A site in Korea has used 2 of our interactive panoramas without permission.
We often experience this problem, and we issue a DMCA notice, requiring the removal of the content. In this case, we have e-mailed the notice to both the site owner and their ISP (inames.co.kr - who are a little tricky to contact as there's no English version of their site) and they have failed to remove the content.
I've never had this situation before, as the ISP usually removes the infringing content straight away. My last e-mail gave them 7 days to remove the content and this has now passed. Can you suggest what my next step should be?
Under these circumstances, you may ned to hire a law firm that has a lawyer fluent in Korean and with an office in Korea, to assert the same rights.
Disclaimer: Please note that this answer does not constitute legal advice, and should not be relied on, since each state has different laws, each situation is fact specific, and it is impossible to evaluate a legal problem without a comprehensive consultation and review of all the facts and documents at issue. This answer does not create an attorney-client relationship.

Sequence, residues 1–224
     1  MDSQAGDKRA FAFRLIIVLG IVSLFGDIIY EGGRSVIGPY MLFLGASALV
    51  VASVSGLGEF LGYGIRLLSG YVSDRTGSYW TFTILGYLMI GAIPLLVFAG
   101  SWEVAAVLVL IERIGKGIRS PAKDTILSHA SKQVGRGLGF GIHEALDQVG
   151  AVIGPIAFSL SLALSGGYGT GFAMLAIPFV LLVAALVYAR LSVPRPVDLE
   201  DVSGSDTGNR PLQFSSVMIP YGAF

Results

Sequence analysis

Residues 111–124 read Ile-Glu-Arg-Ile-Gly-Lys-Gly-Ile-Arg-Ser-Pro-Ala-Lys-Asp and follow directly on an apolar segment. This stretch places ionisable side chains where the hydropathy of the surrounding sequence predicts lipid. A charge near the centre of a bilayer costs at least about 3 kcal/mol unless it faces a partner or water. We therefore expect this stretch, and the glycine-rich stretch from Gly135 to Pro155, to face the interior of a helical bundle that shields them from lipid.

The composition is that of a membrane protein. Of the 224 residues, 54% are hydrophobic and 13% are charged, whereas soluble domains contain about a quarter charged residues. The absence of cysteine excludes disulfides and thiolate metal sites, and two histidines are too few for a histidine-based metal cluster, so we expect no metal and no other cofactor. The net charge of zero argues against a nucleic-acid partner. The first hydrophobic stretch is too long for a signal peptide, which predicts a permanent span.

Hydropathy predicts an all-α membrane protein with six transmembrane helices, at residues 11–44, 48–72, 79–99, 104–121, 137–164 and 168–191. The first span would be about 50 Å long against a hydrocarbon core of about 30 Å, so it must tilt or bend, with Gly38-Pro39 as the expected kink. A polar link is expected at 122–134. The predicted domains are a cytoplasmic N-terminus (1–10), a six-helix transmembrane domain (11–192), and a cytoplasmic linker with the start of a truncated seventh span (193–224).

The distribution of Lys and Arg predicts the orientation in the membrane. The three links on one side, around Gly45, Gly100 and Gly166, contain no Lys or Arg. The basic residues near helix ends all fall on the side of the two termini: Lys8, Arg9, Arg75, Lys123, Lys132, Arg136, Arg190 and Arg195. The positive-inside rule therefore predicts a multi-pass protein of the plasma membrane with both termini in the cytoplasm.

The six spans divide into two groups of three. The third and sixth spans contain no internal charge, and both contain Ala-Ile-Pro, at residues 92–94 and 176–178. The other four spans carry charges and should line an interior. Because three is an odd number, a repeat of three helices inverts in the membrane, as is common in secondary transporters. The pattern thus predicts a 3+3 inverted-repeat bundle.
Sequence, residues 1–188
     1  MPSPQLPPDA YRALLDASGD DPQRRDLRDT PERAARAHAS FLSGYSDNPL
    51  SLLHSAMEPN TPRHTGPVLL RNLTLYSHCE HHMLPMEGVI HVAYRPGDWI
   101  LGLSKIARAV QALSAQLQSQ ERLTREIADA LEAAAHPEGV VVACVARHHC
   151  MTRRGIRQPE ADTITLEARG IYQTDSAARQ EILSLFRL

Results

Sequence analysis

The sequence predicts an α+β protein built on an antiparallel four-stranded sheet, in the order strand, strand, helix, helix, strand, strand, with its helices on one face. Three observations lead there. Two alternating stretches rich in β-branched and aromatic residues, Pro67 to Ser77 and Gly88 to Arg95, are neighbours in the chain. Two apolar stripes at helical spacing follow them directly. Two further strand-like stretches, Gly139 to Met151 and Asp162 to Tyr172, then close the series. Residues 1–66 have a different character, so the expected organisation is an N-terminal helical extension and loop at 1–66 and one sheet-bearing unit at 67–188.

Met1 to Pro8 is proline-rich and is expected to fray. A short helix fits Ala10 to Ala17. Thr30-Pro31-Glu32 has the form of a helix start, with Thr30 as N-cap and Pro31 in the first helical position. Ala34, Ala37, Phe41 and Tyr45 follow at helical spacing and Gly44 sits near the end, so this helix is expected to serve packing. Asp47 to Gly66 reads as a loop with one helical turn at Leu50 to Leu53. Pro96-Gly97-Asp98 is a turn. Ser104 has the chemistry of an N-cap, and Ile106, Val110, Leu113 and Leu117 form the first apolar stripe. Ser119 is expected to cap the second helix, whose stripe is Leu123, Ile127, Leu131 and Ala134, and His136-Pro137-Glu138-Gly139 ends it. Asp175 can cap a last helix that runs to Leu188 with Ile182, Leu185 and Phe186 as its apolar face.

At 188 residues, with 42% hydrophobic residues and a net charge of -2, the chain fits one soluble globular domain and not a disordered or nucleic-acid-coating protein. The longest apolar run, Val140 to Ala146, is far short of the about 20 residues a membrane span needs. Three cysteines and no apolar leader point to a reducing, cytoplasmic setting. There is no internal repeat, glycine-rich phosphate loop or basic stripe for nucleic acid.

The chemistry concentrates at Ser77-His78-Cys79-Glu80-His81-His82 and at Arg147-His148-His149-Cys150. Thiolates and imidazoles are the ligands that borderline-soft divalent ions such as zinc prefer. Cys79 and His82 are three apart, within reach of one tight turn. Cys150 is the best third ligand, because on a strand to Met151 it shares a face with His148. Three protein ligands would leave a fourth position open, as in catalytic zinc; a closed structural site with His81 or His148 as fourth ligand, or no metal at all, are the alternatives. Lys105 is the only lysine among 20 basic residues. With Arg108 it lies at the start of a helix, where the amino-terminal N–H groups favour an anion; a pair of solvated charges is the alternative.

Intellectual Property Law Attorney
Why on earth would an internet service provider in Korea give a hoot about your United States-based Digital Millennium Copyright Act take down notice? While cyberspace has extraordinarily porous borders, nation states still exist and are defined, in large part, by their own bodies of law. There are no worldwide copyright rights and no worldwide mechanism to enforce whatever rights each particular nation state chooses to recognize.
In short, the copyrights that you're trying to enforce exist ONLY in the United States unless some other nation chooses to recognize them. Many do, some don't.
South Korea does -- but only to the extent it must under the copyright treaties that it has ratified. Like US law, South Korean copyright law immunizes internet services providers from liability for infringements by third parties who publish infringing content. Their law also goes the next step of creating a DMCA-like take down mechanism -- but you have to use THEIR mechanism, not ours.
If you want to enforce your US-created copyrights in South Korea then you need to hire an attorney in South Korea (or one in the US who's authorized to practice there). See http://www.buyusa.gov/korea/en/lawfirmcontacts.html